PB 400, under its current format as Plant Structure and Diversity includes approximately six weeks of plant anatomy and eight weeks of plant morphology/diversity. This reflected the needs of the Department at the time of the last revision of this course in 2000. At that time, courses in neither plant anatomy nor plant diversity were being taught, and there were not sufficient faculty resources to teach both courses. As a result, the topics of plant anatomy and plant diversity were combined into the present course, Plant Structure and Diversity. However, PB 413, Plant Anatomy, is now being consistently and successfully taught in the department, thus there is no longer a need to have a separate and significant plant anatomy component in PB 400. It is proposed that the plant anatomy portion be curtailed and that the plant diversity portion of PB 400 be expanded to encompass the entire course. This will allow greater attention to plant morphology/diversity in the course and the Plant Biology curriculum.
The changes in content would be reflected in the course title. The proposed title “Plant Diversity and Evolution” would more accurately reflect the course content. Concomitant with the study of diversity is the study of plant phylogeny. A significant portion of the course would include the plant fossil record, which reflects the phylogenetic history the plant kingdom.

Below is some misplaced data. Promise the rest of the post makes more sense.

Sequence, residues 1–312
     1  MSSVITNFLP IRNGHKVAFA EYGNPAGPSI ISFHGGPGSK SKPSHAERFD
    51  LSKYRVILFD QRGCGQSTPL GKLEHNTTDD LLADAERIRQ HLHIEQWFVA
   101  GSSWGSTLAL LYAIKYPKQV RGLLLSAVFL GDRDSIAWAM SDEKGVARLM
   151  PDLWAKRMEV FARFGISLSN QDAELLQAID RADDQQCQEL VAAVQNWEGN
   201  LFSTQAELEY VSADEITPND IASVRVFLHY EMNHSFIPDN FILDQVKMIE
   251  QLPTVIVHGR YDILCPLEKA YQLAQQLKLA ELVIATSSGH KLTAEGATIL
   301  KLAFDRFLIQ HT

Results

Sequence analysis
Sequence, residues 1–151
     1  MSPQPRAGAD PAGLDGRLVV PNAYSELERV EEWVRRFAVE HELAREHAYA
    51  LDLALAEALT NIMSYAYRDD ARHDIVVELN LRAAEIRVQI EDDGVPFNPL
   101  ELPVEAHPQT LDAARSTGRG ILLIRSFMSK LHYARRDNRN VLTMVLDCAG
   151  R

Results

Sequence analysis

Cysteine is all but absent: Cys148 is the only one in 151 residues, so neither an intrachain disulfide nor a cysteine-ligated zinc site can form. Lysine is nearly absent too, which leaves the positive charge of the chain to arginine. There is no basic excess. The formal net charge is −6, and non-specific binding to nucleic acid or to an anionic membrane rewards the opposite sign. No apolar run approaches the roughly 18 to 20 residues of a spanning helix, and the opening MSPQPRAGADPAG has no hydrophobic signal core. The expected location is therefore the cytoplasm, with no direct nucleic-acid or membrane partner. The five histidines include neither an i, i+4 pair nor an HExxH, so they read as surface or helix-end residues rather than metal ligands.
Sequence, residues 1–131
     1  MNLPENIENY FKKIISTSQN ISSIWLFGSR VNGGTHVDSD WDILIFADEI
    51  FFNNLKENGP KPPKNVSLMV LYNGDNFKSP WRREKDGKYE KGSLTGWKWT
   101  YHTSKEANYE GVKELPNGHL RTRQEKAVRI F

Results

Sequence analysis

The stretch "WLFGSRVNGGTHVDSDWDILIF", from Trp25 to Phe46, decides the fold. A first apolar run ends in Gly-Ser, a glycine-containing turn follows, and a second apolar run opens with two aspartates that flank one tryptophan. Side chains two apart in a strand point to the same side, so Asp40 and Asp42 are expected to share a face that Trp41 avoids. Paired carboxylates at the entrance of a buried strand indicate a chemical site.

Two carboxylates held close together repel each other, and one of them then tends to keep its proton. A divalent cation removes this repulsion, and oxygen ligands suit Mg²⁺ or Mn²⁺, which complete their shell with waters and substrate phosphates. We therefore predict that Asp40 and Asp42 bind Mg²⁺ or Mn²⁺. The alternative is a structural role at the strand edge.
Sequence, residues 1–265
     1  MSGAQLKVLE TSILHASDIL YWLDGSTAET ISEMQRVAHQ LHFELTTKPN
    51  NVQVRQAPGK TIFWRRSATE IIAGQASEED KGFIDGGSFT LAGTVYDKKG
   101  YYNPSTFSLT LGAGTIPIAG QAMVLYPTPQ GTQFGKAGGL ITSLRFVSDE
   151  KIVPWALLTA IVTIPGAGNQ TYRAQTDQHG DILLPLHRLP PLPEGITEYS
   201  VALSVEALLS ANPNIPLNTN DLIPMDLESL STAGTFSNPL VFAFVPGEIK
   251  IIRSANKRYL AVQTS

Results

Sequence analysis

The proposed catalog description incorporates the changes in content and removes the references to plant anatomy.
The course learning outcomes have been updated to more accurately reflect the new course content.
Removal from the GEP Natural Sciences List
PB 400 is redundant on the Natural Sciences list. Students are required to take PB 200, PB 250, or BIO 181 as a prerequisite for PB 400. Each of these prerequisites are on the GEP Natural Sciences list, and the vast majority of students taking PB 400 would fulfill their Natural Sciences GEP requirement with other courses. Because few, if any, students would need to fulfill the GEP Natural Sciences requirement using PB 400, there seems little reason for it to remain on the list.